I stopped by chez Dooce a few days ago and found a most moving link to some before/after death photography. Gruesome, you say? Life changing, I say. It sure kicked me out of my doldrums. Or at least, shuffled me a little closer to the warm sphere of light in which I normally waft and willow. Sort of. On Tuesdays, from 3:07 to 3:11, occasionally.

Don’t be afraid to look at these. They just might help you figure some shit out.

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In The Black

March 29, 2008

I’ve been trying to post here for months. Couldn’t do it. Couldn’t pull out of the darkness. I still feel so dark, like I’m stuck in emotional quicksand, but I’m writing tonight in spite of it.

It’s been some of the roughest 3 months I’ve had in a long, long time. Rough professionally, personally… everything. All kinds of things have gone wrong. I don’t feel like getting into specifics, as this post would be 4 miles long. But people and situations have hurt me, deeply, in these last few months. If I didn’t have a strong faith in God, I think I easily could have headed off some dark path in response to the stress and the pain. I’m sticking to a glass of wine and this blog instead.

I have so many things to be grateful for: work is better now, and even in this shitty recession, my husband and I support ourselves with our business. We live comfortably, even in these difficult times. We both have our health. We both have things we love to do, both personally and professionally. We have lives, and they are good.

And yet… I struggle with loneliness. Other people disappoint, so deeply and so often. I find myself pulling away from the world, deeper and deeper, and more often. Between the endless shitty spring weather, the upheaval of the last few months and never-ending shocking, horrifying headlines, I find myself thinking more and more that my father who pontificated too often on the woes of the world in my youth… was in fact, right.

“In all your life”, he said, “you can count yourself lucky if you end up with more friends than you can count on one hand.”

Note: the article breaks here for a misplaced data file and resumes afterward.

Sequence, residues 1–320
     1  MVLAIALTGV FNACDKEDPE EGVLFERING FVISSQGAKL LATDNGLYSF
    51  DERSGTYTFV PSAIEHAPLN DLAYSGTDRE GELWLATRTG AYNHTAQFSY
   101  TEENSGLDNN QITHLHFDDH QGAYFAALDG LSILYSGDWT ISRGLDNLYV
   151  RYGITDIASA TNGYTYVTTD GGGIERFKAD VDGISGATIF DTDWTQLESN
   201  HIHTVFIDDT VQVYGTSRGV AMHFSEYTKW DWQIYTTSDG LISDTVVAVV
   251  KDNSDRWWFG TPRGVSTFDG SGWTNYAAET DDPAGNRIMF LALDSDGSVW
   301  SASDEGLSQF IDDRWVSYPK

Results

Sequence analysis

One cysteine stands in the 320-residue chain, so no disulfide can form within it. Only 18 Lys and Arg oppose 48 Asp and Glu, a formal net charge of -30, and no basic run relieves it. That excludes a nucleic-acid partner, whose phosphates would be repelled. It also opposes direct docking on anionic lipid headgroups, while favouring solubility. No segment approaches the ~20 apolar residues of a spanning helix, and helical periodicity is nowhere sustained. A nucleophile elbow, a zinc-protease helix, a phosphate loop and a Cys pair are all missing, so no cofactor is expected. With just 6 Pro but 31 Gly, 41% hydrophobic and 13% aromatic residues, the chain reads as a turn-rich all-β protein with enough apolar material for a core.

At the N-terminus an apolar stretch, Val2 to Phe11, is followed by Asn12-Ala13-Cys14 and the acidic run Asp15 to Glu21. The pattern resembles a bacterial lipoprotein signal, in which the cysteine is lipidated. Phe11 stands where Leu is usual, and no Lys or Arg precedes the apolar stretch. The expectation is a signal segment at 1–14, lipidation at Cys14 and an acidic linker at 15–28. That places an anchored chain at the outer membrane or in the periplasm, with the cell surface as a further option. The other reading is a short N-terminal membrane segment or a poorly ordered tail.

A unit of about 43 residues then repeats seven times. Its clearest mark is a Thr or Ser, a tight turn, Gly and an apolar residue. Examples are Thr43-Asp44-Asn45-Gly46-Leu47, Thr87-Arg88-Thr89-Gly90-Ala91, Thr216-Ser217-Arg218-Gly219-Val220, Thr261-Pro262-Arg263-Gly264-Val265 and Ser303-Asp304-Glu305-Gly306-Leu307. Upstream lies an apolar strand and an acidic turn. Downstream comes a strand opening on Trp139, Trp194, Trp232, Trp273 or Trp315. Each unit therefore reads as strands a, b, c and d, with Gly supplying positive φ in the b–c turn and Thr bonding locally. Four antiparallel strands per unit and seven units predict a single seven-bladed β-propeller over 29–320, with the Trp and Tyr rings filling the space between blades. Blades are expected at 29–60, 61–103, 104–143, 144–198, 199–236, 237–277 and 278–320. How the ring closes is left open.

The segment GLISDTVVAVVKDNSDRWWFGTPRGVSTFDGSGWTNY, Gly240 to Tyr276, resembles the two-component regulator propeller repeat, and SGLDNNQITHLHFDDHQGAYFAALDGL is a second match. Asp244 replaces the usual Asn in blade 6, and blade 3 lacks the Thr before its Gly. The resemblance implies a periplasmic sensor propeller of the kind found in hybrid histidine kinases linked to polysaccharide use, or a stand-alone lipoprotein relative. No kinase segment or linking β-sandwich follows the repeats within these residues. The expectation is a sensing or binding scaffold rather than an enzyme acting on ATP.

My god, he was so right.

My husband puts it this way: think about high school. Think how many of those people were even half-way decent people who were interested in anything more than themselves… the world is just high school, all grown up.

My god, he is right.

I’m too talented to let all this do me in. It’s just a hard time right now.

There are things I really want to do with what is left of my life, so this blog is going to open up and take a new direction:

– I’m not going to do the opera thing. If I was 23 and had more time, yes. I’m not and I don’t.

– I’m going to find a new teacher. This was part of the pain of Q12008… more on that later, maybe. She was nuts and bitch, is the short version.

– I’m going to get back to story and screenwriting. I miss it and I think I could do it. I have stories to tell. I’m done wasting time with stupid people and situations. I’d rather write about them.

– I’ve left the toxic salsa people behind. I’ve found a great new dance studio/school, and I’m having a lot of fun there. No more bitches. Mean people suck, ya’ know?

I feel better at the end of this post than I did at the start. Perhaps I’m turning a corner on this darkness? I’d better be, staying where I’ve been the last few months is simply not an option.

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New Year

January 21, 2008

Belated wishes, and all that. Still singing. Back with LD who is horrible and wonderful, but really, mostly wonderful as I am learning to sing. Really.

Yesterday in our lesson she said I had finished sound. Wow.